The Ideate BIMLink plugin for Revit harnesses the powers of Excel and Revit, allowing users to export massive amounts of data from a Revit model to Excel for review, editing, and manipulation, and then import the Excel file into Revit. No longer do you need to go into Revit models to update hundreds of elements when one has been replaced with another, alter room numbers one at a time, change lower case letters to upper case, correct the spelling of a product, or any of the thousands of other tasks you perform, whether daily or infrequently. Instead, you can select elements you need to review/update, push their data to Excel, make any changes needed, and import from Excel into Revit. Viola! The Revit model immediately updates. 

Hundreds of Possibilities

Ideate BIMLink gives you access to all the data in your Revit model. To streamline the process of selecting the Revit items to import to Excel, Ideate BIMLink ships with more than 300 preconfigured links of common workflows for all AECO disciplines. And, each link is easily customizable, so you can add or remove parameters to meet your specific needs. 

Three Examples

There are hundreds of ways to manage Revit data with Ideate BIMLink. Here are descriptions of three popular workflows. These were presented along with three others at a webinar hosted by The Architect’s Newspaper. We will post information about the other three later. Review the recorded webinar

  1. Edit Model Data – Changes throughout a project are inevitable. New naming standards may be implemented, several small rooms or spaces may be converted into one large room or space, additional windows may be added, or hundreds of other changes can and will occur. Instead of manually editing the model data in Revit, you can use the Ideate BIMLink add-in to export the data to Excel, use the powerful features within Excel to edit the data, and then import the updated Excel data back to the Revit model. While this will save you time and increase accuracy even when just changing something as simple as sentence case to upper case, it can be used for much more interesting tasks as well.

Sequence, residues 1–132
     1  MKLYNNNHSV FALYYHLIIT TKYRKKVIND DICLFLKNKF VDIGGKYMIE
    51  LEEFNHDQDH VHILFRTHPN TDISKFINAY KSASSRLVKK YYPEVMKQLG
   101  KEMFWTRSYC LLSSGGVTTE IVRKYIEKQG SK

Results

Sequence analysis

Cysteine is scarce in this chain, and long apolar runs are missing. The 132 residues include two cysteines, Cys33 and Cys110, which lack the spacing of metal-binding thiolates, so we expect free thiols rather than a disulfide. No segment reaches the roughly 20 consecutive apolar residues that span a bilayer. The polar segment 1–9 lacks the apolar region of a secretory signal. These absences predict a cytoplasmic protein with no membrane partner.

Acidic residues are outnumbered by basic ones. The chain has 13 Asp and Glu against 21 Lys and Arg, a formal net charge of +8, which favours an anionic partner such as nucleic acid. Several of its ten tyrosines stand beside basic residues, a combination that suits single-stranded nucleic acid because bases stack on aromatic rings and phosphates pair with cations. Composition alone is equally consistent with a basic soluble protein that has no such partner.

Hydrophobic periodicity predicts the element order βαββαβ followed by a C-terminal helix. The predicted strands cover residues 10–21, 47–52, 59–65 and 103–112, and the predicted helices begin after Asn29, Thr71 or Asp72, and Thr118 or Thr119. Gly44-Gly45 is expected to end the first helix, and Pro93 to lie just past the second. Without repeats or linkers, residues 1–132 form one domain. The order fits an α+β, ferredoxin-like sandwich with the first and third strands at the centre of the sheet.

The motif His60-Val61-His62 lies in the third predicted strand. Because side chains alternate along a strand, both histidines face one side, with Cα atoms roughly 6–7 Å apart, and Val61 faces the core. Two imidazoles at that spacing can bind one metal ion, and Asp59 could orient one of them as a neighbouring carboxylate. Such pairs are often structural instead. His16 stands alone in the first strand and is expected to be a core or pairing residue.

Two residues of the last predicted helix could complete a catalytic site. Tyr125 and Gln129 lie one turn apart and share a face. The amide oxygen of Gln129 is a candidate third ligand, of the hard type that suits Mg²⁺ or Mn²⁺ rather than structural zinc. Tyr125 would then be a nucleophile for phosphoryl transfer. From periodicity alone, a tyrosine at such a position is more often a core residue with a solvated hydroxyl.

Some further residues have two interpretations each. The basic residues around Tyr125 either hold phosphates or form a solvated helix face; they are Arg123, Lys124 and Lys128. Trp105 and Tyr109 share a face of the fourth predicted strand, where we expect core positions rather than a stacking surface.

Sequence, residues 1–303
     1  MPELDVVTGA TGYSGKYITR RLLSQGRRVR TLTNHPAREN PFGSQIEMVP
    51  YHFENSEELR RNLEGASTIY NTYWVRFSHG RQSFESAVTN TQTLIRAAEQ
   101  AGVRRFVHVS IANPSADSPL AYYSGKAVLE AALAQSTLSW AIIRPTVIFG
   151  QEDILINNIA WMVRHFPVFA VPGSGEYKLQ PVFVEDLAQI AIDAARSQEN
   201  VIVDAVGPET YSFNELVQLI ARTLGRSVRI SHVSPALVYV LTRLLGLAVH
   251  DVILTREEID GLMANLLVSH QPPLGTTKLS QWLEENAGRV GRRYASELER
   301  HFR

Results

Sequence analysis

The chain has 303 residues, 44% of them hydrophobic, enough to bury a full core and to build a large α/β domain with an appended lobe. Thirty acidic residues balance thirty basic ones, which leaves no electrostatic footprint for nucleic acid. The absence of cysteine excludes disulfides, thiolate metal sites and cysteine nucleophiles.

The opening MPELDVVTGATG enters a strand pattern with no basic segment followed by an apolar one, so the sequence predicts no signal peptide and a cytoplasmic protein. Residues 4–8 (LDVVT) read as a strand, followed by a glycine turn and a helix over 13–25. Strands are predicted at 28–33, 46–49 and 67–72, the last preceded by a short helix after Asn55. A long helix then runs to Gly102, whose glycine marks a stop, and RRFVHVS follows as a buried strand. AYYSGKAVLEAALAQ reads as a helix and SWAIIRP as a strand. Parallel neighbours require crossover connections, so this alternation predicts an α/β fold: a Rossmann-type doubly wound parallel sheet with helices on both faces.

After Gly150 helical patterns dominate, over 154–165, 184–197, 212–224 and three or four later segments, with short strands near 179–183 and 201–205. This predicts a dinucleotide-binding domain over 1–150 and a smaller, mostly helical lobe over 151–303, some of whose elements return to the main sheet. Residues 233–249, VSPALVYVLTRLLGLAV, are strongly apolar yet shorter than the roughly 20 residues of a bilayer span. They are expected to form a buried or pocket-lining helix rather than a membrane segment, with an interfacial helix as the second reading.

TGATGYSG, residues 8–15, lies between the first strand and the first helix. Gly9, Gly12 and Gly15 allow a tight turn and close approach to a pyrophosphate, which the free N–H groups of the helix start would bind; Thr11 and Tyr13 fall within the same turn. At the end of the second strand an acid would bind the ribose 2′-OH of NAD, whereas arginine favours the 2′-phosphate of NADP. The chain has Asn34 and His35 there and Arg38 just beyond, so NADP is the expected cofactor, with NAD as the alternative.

In this video (or skip right to the demo) you will see a demonstration on how to convert numerical View Orientation data in a Revit model into the words “North,” “South,” “East,” and “West,” (“Cardinal direction”) by exporting the elevation orientations into Excel, using a simple formula to convert the orientation numbers to the appropriate cardinal direction, performing the calculation in one cell, and using the Fill function in Excel to automatically convert all the numbers to the words. Then take it even further by concatenating three cells in Excel to combine the data into a new column that includes the room name, room number, and Cardinal direction, for example, “CORR 210 – EAST.” Once again, use the Fill function to fill the column down. Copy and paste all the data in the new column into the “Title on Sheet” column, save the spreadsheet, and close Excel. Then go back to Ideate BIMLink, open the spreadsheet, confirm everything that has been changed is correct, and hit “Import” to sync Excel to Revit. Immediately, all interior elevation room names in the Revit model are updated (click image to enlarge).